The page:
'John Lenthall: The Life of a Naval Constructor' is thoroughly documented with previously untapped primary archival source material from Philadelphia’s Independence Seaport Museum and the Franklin Institute, and the U.S. Naval Academy Museum. 'John Lenthall' is written by a historian and naval architect who can clearly explain the nuances of ship design. The author’s treatment of Lenthall and the legacy of his fellow constructors brings to life a previously untold chronicle of American ingenuity and achievement.






BOOK ONE: Apprentice

CHAPTER 1 Washington City
CHAPTER 2 Father and Son
CHAPTER 3 The War of 1812
CHAPTER 4 Apprentice Ship Carpenter
CHAPTER 5 The Philadelphia Navy Yard
CHAPTER 6 The Science of Naval Architecture
CHAPTER 7 European Dockyard Tour

BOOK TWO: Constructor

CHAPTER 8 Board of Navy Commissioners
CHAPTER 9 Master Builder
CHAPTER 10 Life in Philadelphia
CHAPTER 11 Launch of Pennsylvania
CHAPTER 12 Naval Constructor
CHAPTER 13 The Sea Steamers
CHAPTER 14 Family and Marriage
CHAPTER 15 Sloop of War Germantown
CHAPTER 16 Chief Constructor



BOOK THREE: Bureau Chief

CHAPTER 17 Promotion to Bureau Chief
CHAPTER 18 The Steam Frigates
CHAPTER 19 The Steam Sloops
CHAPTER 20 Gloire and Warrior
CHAPTER 21 War of the Rebellion
CHAPTER 22 The Ninety-Day Gunboats
CHAPTER 23 The Ironclad Board
CHAPTER 24 Monitor Fever
CHAPTER 25 Naval Expansion
CHAPTER 26 The Light-Draft Monitors
CHAPTER 27 A Time for Economy
CHAPTER 28 Postwar Years
CHAPTER 29 Moved Aside

BOOK FOUR: Inspector

CHAPTER 30 Cape May
CHAPTER 31 Monitor Rebuilds
CHAPTER 32 Twilight

APPENDIX 1 Directions for Building a Store Ship
APPENDIX 2 Relief Calculations, Summary and Metacenter
APPENDIX 3 Orders for the Launch of the U.S. Ship Pennsylvania
APPENDIX 4 Suitability of Mail Steamers as Ships of War
APPENDIX 5 Young, Smart, Spirit of the Age Fellows
APPENDIX 6 Better to Fight at the Threshold than Upon the Hearthstone
APPENDIX 7 Evolution of the Double Turreted Ironclad
APPENDIX 8 Ironclad Steamers for Harbor and Coast Defense
APPENDIX 9 The Light-Draught Monitors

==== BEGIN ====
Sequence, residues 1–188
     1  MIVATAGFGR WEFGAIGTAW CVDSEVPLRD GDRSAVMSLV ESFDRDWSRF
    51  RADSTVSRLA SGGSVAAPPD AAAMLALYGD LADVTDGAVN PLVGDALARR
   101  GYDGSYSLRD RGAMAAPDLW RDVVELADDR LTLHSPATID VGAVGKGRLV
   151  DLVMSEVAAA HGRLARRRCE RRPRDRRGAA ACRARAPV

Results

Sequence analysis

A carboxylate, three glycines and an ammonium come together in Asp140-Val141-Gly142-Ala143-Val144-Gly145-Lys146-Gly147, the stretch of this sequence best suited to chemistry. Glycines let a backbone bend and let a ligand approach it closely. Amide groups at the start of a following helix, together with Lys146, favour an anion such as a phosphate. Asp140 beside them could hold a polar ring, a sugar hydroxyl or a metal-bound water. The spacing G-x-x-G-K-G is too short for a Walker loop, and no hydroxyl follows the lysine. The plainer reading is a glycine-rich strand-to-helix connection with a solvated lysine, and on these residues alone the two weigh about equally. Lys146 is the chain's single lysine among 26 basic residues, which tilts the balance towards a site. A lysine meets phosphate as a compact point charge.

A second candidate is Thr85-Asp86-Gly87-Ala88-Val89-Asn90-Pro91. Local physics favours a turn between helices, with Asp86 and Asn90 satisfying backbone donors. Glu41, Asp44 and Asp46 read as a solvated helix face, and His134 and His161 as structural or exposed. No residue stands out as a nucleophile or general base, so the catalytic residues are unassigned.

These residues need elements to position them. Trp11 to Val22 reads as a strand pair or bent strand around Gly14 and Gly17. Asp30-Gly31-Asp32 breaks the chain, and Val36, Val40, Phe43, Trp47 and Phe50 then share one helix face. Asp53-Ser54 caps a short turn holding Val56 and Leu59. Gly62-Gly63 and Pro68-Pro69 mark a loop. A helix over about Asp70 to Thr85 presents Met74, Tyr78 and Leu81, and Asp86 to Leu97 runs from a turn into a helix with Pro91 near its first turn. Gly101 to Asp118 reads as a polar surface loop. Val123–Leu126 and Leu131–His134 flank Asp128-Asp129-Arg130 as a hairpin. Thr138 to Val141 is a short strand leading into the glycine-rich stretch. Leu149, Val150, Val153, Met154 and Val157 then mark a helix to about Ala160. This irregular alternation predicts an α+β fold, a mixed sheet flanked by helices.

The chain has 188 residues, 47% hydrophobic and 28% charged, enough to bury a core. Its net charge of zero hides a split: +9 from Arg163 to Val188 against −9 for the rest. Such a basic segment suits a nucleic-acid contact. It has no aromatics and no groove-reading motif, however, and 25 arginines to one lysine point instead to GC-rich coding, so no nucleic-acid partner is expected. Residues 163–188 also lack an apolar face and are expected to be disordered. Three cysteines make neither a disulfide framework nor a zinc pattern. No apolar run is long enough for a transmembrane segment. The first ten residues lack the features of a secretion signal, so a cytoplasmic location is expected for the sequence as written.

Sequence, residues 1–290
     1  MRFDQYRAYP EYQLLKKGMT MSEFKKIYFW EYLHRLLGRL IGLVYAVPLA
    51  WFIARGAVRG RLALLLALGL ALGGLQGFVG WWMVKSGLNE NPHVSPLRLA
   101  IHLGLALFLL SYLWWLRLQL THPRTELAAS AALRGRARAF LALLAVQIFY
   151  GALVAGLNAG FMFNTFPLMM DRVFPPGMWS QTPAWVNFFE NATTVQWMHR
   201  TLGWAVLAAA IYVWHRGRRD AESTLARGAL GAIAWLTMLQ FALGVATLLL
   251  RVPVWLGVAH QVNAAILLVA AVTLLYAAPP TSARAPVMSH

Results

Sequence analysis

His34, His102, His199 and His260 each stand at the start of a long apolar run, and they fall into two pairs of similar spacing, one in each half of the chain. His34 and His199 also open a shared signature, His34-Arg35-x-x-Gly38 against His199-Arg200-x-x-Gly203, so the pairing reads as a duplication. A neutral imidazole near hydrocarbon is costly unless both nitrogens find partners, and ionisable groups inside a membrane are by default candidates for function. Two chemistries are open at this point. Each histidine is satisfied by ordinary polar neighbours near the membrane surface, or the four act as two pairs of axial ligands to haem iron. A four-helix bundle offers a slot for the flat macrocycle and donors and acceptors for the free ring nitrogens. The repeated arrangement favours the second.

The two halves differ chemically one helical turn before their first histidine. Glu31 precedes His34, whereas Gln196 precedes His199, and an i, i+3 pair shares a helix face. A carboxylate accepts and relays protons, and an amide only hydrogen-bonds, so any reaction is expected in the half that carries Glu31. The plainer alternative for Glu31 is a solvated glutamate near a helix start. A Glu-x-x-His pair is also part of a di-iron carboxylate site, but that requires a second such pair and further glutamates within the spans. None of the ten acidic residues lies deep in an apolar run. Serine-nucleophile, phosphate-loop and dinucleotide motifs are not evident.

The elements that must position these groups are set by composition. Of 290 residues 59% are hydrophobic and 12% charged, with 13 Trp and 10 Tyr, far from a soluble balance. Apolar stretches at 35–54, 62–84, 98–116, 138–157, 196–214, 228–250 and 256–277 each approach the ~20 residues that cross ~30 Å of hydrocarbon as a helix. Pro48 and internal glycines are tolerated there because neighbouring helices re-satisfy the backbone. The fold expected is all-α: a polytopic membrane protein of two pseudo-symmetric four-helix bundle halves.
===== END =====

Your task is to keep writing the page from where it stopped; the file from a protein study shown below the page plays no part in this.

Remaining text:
APPENDIX 10 Lenthall’s Book and Pamphlet Collection
APPENDIX 11 Ships Constructed, Designed and Specified by John Lenthall
APPENDIX 12 Naval Constructors Active During Lenthall’s Career





Stephen Chapin Kinnaman grew up in upstate New York and northern New Jersey. He graduated from the University of Michigan with a B.Sc. in naval architecture and marine engineering and pursued post-graduate research at Cambridge University’s Department of Engineering. He is a professional naval architect and has used his understanding of complex technical issues to write the first biography of Constructor John Lenthall. He is the author of another Vernon Press work of American history, 'Merrimack, The Biography of a Steam Frigate'. Stephen Chapin Kinnaman has to his credit numerous public speaking engagements at historical societies, Civil War round tables and the prestigious McMullen Naval History Symposia held at the U.S. Naval Academy. The author and his wife currently reside in Chappell Hill, Texas.

John Lenthall (naval constructor). John Lenthall family. Naval Architects—United States—Biography. United States Navy—naval construction. United States Navy—history. United States—warships. Navy-yards and naval stations—United States—history. Civil War—naval history. Naval architecture—history. Marine technology—history. American maritime history—19th century

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Bibliographic Information

Book Title
John Lenthall: The Life of a Naval Constructor
Number of pages
Physical size
236mm x 160mm
13 B&W and 23 Color
Publication date
June 2022